Monday, November 18, 2013
By A.N. Kini '13
In this powerful piece of nonfiction in the New Yorker, staff writer Ariel Levy '96 details her experience traveling to Mongolia while pregnant--an adventure ending in heartbreak.
My doctor told me that it was fine to fly up until the third trimester, so when I was five months pregnant I decided to take one last big trip. It would be at least a year, maybe two, before I’d be able to leave home for weeks on end and feel the elation of a new place revealing itself. (It’s like having a new lover—even the parts you aren’t crazy about have the crackling fascination of the unfamiliar.) Just before Thanksgiving, I went to Mongolia.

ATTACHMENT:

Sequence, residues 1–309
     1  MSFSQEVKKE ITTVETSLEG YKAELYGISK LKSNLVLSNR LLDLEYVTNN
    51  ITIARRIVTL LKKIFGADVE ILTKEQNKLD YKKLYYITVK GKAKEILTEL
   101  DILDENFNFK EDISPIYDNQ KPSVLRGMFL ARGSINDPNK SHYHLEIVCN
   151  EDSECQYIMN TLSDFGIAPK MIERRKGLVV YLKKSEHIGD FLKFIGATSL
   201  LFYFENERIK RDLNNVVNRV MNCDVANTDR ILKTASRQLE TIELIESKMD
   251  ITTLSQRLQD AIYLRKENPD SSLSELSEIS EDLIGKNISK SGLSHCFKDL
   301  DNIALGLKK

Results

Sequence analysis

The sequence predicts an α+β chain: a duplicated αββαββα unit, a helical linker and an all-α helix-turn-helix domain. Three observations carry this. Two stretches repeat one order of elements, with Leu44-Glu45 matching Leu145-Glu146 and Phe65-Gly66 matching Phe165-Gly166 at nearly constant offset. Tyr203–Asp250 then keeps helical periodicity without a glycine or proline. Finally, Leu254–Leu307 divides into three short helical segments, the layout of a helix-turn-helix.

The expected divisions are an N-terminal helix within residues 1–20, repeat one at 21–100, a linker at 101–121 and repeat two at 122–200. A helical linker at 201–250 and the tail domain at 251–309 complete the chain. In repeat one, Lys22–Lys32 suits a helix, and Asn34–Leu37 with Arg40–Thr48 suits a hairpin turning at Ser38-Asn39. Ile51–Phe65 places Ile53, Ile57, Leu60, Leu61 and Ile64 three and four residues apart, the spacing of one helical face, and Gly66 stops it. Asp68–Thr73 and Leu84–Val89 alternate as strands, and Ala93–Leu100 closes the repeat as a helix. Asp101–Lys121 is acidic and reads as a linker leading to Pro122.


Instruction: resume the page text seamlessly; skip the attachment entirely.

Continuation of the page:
People were alarmed when I told them where I was going, but I was pleased with myself. I liked the idea of being the kind of woman who’d go to the Gobi Desert pregnant, just as, at twenty-two, I’d liked the idea of being the kind of girl who’d go to India by herself. And I liked the idea of telling my kid, “When you were inside me, we went to see the edge of the earth.” I wasn’t truly scared of anything but the Mongolian winter. The tourist season winds down in October, and by late November, when I got on the plane, the nights drop to twenty degrees below zero. But I was prepared: I’d bought snow pants big enough to fit around my convex gut and long underwear two sizes larger than I usually wear.
...I had boarded a plane out of vanity and selfishness, and the dark Mongolian sky had punished me. I was still a witch, but my powers were all gone.
Read the story here...
Image: from the New Yorker Festival 2010
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